It can be difficult to change 222 years of military heritage and tradition. Just ask Jesse Rangle, team lead and senior planner for the U.S. Coast Guard’s Exercise Support Division, which designs rigorous all-hazard and contingency preparedness exercises nationally for Coast Guard field units and helps execute and support those events.
Even though the Coast Guard established a telework policy in 2005, Rangle ran up against a cultural brick wall every time he tried to acquire the senior management support and endorsement he needed for his division to telework on a regular basis.
“A lot of our senior leaders are military or former military, and they have that Old Guard mentality that they want to see the people they are leading and know what they are doing at all times,” says Rangle. “We realized that it was going to take a paradigm shift to move forward, so we were patient and persistent in our efforts.”
That quiet but determined attitude has paid off. Eventually, a new, more progressive command staff came on board, finally giving Rangle and the unit’s other telework advocates the go-ahead they needed to move forward with their goal.
Today, all 37 active duty, reserve, and civilian members of the Exercise Support Division telework three days a week, making it the first Coast Guard unit to successfully and fully implement a defined telework program.
And that is causing some big waves across the organization, says Carol Swinson, who, along with Rangle and Lt. Commander Rob Carroll, helped develop the program. Today, Swinson serves as the unit’s telework coordinator.
“We get inquiries all the time, and we share our notes and everything we know about telework,” she explains, adding that telework could be of particular benefit when the Coast Guard moves its headquarters from SW Washington, D.C., into the new Department of Homeland Security headquarters building in Anacostia, Md. “Not many people have moved forward as yet. I think the Coast Guard overall is still taking baby steps, but we are happy to educate anyone who asks and will help in whatever way we can.”
Full Speed Ahead
As frustrating as the effort may have been to get a telework program under way, Rangle says that the Exercise Support Division was blessed by the fact that the its mission makes it an almost perfect fit for telework. The unit operates nine teams out of three locations-Alameda, Calif., Portsmouth, Va., and Washington, D.C. Employees spend much of their workday researching contingency plans, writing exercise scripts, and preparing documents before traveling to the field to help conduct and support the exercises.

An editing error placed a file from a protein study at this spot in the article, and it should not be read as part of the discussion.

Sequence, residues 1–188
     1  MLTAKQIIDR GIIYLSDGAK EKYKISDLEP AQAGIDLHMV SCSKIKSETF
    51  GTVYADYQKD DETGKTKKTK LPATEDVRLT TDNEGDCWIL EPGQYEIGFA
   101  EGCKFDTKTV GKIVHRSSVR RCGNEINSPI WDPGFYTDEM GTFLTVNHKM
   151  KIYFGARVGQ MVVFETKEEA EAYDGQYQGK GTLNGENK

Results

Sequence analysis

“Our people are very task-oriented and we were used to traveling and working alone,” he explains. “We felt that telework could provide a lot of benefits for us.”
In developing their program, Rangle and his telework team were careful to adhere to the rules of the overarching Coast Guard policy while also creating unit-specific guidelines to help define, for instance, the roles and responsibilities of a telework coordinator, the metrics that would illustrate success, and consequences for abuse of telework privileges.
Uniquely, all unit employees must submit a work plan that provides a broad snapshot of the activities they will be engaged in on telework days. Rangle notes that the requirement came down from the command staff. “Initially, they wanted to know what the staff was going to be doing, literally, hour by hour, but we felt that was unreasonable,” he explains. “Once we explained it, we were able to get our commander to buy into a one-month work plan that was very general.”
As an example, Rangle’s work plan might be written up as: “Team 5, L.A./Long Beach continuity of operations exercise, commanding officer meeting, and deliverables” and include some bulleted subtasks along with expected travel dates.
Swinson says that some employees initially “kicked their heels” at the idea of having to detail their telework activities, but adherence to the request gives the commander the situational awareness he needs to feel comfortable with the work arrangement. “My response to anyone who does not want to provide this is simple: ‘If you want to telework for our division, then you have to submit the work plan,'” she states. “The irony, of course, is that our commander now requires the same type of plan even if you choose to spend your days in the office. So whether you telework or not, you have to do it.”
On the technology front, unit employees use laptops and a security token to access email, files, and other needed resources from the organizational database. Swinson notes that unit employees had long worked remotely due to their heavy travel requirements. When someone needed a file or document, they had to ask a co-worker to email the information to them. By adding the token-based access to their equipment, “we can work just as seamlessly as if we were in the office,” she says. “That’s a big win for us.”